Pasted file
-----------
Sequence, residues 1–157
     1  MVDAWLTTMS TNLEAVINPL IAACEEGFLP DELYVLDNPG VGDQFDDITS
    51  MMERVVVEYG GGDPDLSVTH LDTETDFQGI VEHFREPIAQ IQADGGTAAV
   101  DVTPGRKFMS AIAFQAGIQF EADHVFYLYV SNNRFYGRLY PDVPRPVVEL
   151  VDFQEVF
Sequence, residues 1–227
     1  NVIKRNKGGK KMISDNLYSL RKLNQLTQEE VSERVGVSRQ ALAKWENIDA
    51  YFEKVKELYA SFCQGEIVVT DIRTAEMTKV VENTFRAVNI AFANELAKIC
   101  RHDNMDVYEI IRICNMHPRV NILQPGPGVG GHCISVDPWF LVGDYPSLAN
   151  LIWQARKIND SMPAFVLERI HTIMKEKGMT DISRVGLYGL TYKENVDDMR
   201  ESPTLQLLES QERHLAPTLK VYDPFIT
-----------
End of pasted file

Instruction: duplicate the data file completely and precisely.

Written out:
Sequence, residues 1–157
     1  MVDAWLTTMS TNLEAVINPL IAACEEGFLP DELYVLDNPG VGDQFDDITS
    51  MMERVVVEYG GGDPDLSVTH LDTETDFQGI VEHFREPIAQ IQADGGTAAV
   101  DVTPGRKFMS AIAFQAGIQF EADHVFYLYV SNNRFYGRLY PDVPRPVVEL
   151  VDFQEVF
Sequence, residues 1–227
     1  NVIKRNKGGK KMISDNLYSL RKLNQLTQEE VSERVGVSRQ ALAKWENIDA
    51  YFEKVKELYA SFCQGEIVVT DIRTAEMTKV VENTFRAVNI AFANELAKIC
   101  RHDNMDVYEI IRICNMHPRV NILQPGPGVG GHCISVDPWF LVGDYPSLAN
   151  LIWQARKIND SMPAFVLERI HTIMKEKGMT DISRVGLYGL TYKENVDDMR
   201  ESPTLQLLES QERHLAPTLK VYDPFIT